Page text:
A Strike that costs India Rs 26,000 Crore


Editor’s Desk: The nation of 1.2 billion came to a complete halt today, as 11 registered Trade Unions of the country went on a two-day strike to protest against UPA Government’s “anti-people” policies. They achieved little, but delivered a big blow to the economy, as the ASSOCHAM put the total loss at Rs 26,000 crore.

The two-day shutdown hit banking, services, transport, schools, colleges, railways, flight operations and many others. The trade unions protested against high inflation, fuel price hike and FDI, while the bank and government employees wanted the implementation of their revised pay and other benefits. They finally ended up damaging the economic prospects of the country further.

The Associated Chambers of Commerce and Industry (ASSOCHAM) issued a statement, saying the strike would cause an estimated loss of Rs. 15,000-20,000 crore. “The national economy, battling a slowdown, can ill-afford this situation. In fact, the strike will aggravate the price situation because of a disruption in the supply of essential commodities. Given the nature of the strike and the involvement of all the five major central trade unions, it is going to largely affect the services sector, including banking, financial services, tourism and transportation, all of which are major contributors to the country’s GDP,” said Assocham president Rajkumar Dhoot said in a press release. Later, the ASSOCHAM put the loss at around Rs 26,000 crore.

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But that failed to make any impact on the trade unions. They went ahead with their plan and put the life out of gear for the common people. To make matters worse, violent incidents were reported from various parts of the country. A union leader was killed in Haryana, while many buses, trucks and cars were torched by the protesters in Noida. They did not even spare a fire tender. The hooligans vandalised many factories too. Situation was so bad that CRPF was deployed in Noida.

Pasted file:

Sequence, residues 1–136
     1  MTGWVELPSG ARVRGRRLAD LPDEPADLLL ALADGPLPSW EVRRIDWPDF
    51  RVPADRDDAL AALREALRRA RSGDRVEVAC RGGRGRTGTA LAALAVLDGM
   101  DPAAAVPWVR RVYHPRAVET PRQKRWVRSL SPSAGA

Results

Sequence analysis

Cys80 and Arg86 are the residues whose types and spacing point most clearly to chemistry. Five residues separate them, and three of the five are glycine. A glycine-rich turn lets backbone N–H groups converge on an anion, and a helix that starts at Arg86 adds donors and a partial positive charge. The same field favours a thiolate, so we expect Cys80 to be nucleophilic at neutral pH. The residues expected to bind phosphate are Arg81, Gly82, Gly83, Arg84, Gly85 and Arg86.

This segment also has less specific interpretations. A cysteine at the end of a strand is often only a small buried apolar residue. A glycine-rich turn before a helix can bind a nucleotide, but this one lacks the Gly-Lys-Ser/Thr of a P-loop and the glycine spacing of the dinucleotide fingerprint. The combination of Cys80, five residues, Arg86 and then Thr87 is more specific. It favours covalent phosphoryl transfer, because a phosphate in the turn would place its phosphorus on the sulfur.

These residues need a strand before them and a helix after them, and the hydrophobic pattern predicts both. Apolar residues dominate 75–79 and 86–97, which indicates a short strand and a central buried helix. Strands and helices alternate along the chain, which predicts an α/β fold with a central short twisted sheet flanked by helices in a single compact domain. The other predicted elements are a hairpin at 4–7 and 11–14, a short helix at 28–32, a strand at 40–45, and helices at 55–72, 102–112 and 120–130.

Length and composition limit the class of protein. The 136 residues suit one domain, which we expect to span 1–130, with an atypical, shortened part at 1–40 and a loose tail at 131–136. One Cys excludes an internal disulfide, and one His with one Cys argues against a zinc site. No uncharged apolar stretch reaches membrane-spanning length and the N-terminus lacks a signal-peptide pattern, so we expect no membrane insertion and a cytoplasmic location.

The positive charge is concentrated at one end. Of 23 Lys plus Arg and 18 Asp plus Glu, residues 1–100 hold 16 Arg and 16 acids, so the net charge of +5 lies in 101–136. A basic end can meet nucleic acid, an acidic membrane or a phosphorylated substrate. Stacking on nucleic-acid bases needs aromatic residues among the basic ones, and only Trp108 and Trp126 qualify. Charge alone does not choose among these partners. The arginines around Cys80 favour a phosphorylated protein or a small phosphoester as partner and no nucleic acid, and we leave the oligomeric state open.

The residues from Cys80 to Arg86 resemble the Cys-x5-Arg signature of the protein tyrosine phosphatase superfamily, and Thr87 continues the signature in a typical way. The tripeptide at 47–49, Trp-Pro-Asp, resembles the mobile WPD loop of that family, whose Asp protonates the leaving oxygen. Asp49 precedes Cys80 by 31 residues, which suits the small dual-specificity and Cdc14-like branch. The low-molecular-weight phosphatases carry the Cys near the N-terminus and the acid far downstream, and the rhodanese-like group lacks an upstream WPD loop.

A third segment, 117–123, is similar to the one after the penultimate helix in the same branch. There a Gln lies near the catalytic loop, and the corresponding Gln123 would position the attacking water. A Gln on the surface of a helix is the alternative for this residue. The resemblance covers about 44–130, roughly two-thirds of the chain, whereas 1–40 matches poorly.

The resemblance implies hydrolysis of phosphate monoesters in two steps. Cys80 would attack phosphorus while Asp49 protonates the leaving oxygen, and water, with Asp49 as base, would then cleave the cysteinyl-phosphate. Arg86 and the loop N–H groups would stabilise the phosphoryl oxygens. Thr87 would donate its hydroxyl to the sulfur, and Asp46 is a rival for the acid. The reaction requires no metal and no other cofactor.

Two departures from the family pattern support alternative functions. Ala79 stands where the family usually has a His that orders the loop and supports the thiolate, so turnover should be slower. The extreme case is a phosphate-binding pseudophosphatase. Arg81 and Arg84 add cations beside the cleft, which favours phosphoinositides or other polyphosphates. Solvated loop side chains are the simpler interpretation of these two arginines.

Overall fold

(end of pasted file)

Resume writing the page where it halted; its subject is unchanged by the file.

The Calcutta High Court had recently ruled that people who want to work on these two days, cannot be prevented. Also, it said that those who sustain losses during the bandh, can move the court to seek compensation. The Kerala High Court had passed a similar verdict a few years ago, holding that organisations, which call bandhs have to compensate for the losses that occur during the bandh. The Supreme Court had upheld that verdict.

With the kind of inconvenience, loss and hooliganism coming out of such strikes, should we support or allow such players to hold the nation to ransom? In most cases, the police remained mute spectator, while the common people were left stranded and looking for help to overcome the crisis. It’s high time the courts take cognizance of such agitations and put a “blanket ban” on all kind of shutdowns and bandhs with immediate effect.

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